Would you take out a loan with an interest rate of 50 percent? How about 500 percent? It sounds ridiculous, but it's a common practice during tax filing time. Tax preparers around the country have offered refund anticipation loans, meaning they'll advance you the money that you're going to collect from Uncle Sam.
But these skeevy loans, which have historically targeted low-income communities, are dead, according to Karen Harris at the Sargent Shriver National Center on Poverty Law.
Thanks to a settlement between the Federal Deposit Insurance Corporation and Republic Bank Corp., the bank won't be offering these types of loans anymore. After the federal agency sent a cease-and-desist order to Republic last year, the other large banks also decided to stop issuing the loans.
How does a refund anticipation loan work? When you see those signs that say, "Instant tax refund," or "Get your refund today," it's likely that a company is trying to sell a loan that cuts the waiting time for your tax return. What these tax preparers often neglected to tell consumers was that they would be taking a big chunk of those refunds to cover the interest charged in exchange for making the loan. Republic Bank Corp., for example, charged $90 for a $1,500 loan. If you really needed the money, it might have made sense to do that in the old days, when tax refunds took weeks to receive. But these days if you file electronically, it's only about 10 days. So does it make sense to pay someone for your own money? Not so much.
According to a 2011 study by the Urban Institute, getting your taxes done and receiving "instant" cash can eat up as much 12 percent of a person's refund. The prince of tax preparation usually ranges from $187 to $350, the study found. Additional fees can vary from $57 to $117--or more for an instant refund.
The most troubling part of the anticipation loans was how they targeted poor communities. According to a report by the U.S. Treasury Department, nearly half were paid out in just 10 percent of the nation’s ZIP codes. Most of those who received them were the working poor, with a median adjusted gross income at less than $20,000. In addition, minorities were much more likely to use these services--13 percent of the people who took these loans were African Americans, 9 percent were Hispanics and 6 percent were white--the Urban Institute found.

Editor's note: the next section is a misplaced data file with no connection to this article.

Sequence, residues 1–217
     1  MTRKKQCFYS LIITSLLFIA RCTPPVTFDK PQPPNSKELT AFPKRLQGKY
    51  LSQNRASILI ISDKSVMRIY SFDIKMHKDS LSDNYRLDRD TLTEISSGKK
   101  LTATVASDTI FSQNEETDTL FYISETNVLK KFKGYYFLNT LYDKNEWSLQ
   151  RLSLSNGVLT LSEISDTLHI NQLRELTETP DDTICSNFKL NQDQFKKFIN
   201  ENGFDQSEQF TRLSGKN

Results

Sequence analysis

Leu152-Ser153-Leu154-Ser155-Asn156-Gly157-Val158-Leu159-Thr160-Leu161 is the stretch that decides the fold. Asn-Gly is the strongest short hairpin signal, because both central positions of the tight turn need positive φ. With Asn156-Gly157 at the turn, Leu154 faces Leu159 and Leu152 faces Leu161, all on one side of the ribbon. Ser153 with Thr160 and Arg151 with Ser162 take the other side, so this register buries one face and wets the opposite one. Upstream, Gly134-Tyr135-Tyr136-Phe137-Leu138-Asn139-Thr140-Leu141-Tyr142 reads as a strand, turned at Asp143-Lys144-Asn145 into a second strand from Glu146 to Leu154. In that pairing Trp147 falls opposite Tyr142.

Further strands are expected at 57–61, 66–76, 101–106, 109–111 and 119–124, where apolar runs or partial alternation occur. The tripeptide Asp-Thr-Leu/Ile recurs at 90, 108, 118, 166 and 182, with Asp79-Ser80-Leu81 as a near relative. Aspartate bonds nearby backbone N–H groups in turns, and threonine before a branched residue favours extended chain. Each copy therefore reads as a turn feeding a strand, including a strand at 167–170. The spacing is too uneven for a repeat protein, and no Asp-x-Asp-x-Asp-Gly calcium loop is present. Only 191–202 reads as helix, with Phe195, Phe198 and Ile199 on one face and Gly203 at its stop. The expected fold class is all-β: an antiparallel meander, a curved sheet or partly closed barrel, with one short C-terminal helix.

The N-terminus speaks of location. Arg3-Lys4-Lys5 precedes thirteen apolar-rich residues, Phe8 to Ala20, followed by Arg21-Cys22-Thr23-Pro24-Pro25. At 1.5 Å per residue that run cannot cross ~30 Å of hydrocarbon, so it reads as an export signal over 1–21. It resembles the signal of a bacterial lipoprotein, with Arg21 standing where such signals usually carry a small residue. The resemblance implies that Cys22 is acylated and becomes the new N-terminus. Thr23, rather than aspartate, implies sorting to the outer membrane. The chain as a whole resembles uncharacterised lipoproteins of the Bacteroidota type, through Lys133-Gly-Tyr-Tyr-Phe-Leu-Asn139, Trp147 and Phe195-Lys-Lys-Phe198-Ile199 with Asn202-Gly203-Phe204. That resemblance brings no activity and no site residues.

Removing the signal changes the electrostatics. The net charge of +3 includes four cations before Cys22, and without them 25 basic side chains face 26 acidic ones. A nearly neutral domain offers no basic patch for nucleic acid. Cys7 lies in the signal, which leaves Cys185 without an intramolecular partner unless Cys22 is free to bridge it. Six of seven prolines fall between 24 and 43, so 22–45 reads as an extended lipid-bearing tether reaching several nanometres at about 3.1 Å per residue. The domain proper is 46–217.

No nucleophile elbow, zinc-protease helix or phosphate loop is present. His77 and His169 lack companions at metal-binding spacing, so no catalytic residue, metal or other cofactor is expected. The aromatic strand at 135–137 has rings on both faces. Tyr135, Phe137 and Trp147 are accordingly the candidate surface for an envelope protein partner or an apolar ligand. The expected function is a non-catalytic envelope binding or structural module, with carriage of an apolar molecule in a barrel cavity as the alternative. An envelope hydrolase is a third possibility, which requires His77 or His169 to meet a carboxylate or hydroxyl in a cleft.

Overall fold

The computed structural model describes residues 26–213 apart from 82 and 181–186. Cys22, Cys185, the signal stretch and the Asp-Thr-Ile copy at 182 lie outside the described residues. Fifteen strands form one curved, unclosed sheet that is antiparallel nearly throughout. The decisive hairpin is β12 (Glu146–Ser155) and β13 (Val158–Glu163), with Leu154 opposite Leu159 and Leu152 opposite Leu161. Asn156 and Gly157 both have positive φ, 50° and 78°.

But if you're looking for people who need money fast and maybe don't have the financial or literacy skills to figure out that they're getting a raw deal, poor communities have been an easy target. Thankfully, that won't be the case anymore.
However, the Shriver Center notes that tax preparers can still offer refund anticipation checks. Under those deals, a servicer sets up a temporary bank account with the refund money in it. Consumer spend the money via a debit card. It's less costly but still not the best deal because there are fees written into the agreements. Low-income consumers would be better served to take advantage of the many sites around the city that offer free or low-cost tax preparation, like the Center for Economic Progress. City residents can also dial 311 for information on free tax preparation sites near them.
If low-income families receive tax refunds, often times, that money is from the Earned Income Tax Credit Program, a tax credit that helps working families. Those refunds help struggling families and help the economy. It's good to know that less of this money will go toward ridiculously high interest fees and more toward giving poor families and neighborhoods a leg-up in the new year.
Photo credit: Taxbrackets.org
© Community Renewal Society 2011